The next was for the manager of his favorite restaurant. Many chip baskets had found their end with all the times he took me there for lunch, and all the waitresses knew us by name. He'd been going to that restaurant ever since he was old enough to get an allowance. Nita would give him something for the road as a thank you for the balloon, I was sure of it. He'd have to learn how to eat a steak burrito with one hand.

Across the street from the restaurant stood the mall where Nick's sister worked. She'd act disinterested at her gift offering, but if I knew anything about Alexis she'd display it right up front with the candles and musical cards.

Then it would be off to the home of our elementary teacher, Mrs. Hux. If she didn't keep him chatting too long about verb confusion, he'd soon cover the short distance between her street and the memorial on his own block; erected the same month of his acceptance into medical school for the girl who died in a hit and run walking home from dance class.

The sixth balloon was for an elderly Mrs. Brannan, the angry trumpet of a neighbor who still held a grudge against Nick and his stray crochet ball. Her balloon he would tie on the mailbox flag and probably walk away fast.

And then it would be back to the hospital to gift four balloons to four very special ladies. One for Mrs. Meadows, our adopted auntie at the gift shop. If he walked fast, he might arrive before her shift had even started. One balloon would go to the little girl recovering from a bad trampoline accident, and two more for her best friends; a bear named Peaches and an elephant with a pink bow and an eye patch.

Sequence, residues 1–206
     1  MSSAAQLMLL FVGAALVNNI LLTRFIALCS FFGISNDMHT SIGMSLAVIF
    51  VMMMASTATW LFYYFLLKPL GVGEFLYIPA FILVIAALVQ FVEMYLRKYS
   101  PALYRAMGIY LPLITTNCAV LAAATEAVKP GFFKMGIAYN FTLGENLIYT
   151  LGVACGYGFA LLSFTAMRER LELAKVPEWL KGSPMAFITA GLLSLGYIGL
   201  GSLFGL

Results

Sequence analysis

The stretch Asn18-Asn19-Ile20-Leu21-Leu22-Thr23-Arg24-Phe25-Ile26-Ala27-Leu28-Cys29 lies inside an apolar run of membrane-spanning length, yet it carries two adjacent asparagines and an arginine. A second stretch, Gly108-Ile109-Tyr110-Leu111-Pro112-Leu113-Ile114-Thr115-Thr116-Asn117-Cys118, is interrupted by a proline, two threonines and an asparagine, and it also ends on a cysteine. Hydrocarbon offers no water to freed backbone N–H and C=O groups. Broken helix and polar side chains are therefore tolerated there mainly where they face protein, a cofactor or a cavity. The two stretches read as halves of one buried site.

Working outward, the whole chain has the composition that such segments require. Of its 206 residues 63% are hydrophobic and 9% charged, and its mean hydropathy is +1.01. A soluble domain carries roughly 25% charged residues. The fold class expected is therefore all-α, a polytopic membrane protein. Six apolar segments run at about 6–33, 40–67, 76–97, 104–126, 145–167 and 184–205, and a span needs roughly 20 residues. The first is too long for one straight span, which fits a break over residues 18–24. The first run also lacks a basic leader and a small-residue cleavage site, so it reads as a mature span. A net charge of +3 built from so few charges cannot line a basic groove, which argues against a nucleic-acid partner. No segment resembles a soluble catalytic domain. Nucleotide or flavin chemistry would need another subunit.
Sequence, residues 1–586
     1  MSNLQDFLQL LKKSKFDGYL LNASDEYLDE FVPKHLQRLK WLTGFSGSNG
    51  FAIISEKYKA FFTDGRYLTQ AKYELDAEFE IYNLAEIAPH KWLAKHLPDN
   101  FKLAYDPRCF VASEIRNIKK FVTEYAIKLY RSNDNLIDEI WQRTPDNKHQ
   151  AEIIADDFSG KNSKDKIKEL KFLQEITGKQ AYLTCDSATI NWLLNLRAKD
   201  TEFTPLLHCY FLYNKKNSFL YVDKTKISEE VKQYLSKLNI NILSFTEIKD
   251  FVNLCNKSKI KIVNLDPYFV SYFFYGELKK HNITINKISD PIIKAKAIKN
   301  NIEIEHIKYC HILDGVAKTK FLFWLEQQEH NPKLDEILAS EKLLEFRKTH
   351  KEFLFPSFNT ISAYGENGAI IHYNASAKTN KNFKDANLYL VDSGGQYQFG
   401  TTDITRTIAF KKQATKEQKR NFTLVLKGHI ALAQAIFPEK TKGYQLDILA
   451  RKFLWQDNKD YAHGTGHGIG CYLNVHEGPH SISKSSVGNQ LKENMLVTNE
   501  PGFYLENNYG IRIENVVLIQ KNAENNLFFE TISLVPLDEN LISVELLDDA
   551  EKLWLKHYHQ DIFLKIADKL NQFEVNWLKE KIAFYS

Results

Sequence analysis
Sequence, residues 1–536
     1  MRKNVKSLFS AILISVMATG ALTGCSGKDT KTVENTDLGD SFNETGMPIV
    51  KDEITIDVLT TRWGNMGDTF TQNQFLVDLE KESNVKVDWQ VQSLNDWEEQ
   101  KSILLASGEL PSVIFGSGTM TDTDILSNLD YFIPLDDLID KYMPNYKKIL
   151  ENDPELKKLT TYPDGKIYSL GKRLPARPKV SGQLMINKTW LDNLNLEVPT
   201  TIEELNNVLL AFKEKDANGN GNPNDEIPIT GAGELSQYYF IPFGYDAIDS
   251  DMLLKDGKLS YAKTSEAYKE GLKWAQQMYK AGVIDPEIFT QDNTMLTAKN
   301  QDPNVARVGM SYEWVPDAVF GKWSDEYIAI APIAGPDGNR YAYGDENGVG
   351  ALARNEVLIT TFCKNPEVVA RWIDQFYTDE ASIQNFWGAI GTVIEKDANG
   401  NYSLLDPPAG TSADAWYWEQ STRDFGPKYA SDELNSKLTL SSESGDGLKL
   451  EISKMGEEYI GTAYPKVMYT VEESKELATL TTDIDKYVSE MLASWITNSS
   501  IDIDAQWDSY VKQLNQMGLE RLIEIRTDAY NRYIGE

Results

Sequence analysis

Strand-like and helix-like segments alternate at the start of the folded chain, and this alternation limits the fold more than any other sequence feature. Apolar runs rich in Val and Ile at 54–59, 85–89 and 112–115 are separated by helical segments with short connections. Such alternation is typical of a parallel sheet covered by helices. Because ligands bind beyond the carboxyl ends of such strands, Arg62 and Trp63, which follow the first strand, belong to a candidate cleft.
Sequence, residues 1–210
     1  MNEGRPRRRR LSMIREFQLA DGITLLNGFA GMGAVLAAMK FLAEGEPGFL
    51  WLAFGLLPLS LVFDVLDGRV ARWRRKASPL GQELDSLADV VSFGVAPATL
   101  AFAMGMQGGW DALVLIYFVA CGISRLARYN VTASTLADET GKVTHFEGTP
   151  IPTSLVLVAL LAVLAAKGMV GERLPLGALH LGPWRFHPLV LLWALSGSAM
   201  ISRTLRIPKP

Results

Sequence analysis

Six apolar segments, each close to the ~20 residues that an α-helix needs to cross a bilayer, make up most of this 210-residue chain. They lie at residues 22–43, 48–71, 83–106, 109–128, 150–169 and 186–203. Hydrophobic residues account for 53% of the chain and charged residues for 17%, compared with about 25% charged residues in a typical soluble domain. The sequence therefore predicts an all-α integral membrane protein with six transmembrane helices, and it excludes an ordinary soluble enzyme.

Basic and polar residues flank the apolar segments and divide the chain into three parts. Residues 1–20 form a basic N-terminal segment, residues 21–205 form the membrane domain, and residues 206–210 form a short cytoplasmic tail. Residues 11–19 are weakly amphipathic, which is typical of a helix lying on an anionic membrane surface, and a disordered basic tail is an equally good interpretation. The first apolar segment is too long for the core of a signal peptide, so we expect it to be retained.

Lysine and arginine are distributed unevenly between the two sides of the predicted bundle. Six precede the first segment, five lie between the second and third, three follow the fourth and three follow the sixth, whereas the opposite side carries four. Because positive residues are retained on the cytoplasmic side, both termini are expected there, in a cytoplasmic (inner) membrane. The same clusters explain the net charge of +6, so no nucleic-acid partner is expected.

Mine was the last balloon.

Maybe the idea was cheesy, doing all that circular traveling just to give me something he had for me already, but he said it gave me a present to look forward to when he got back—other than the fancy dinner we reserved at his parents' restaurant. But cheesy as the idea was, I would have been a liar if I'd said I wasn't excited at the prospect. I didn't need to be blown away by extravagant trinkets, and a Mylar balloon from the hospital gift shop was sweet enough for me to outdo a box of chocolate candies in any size.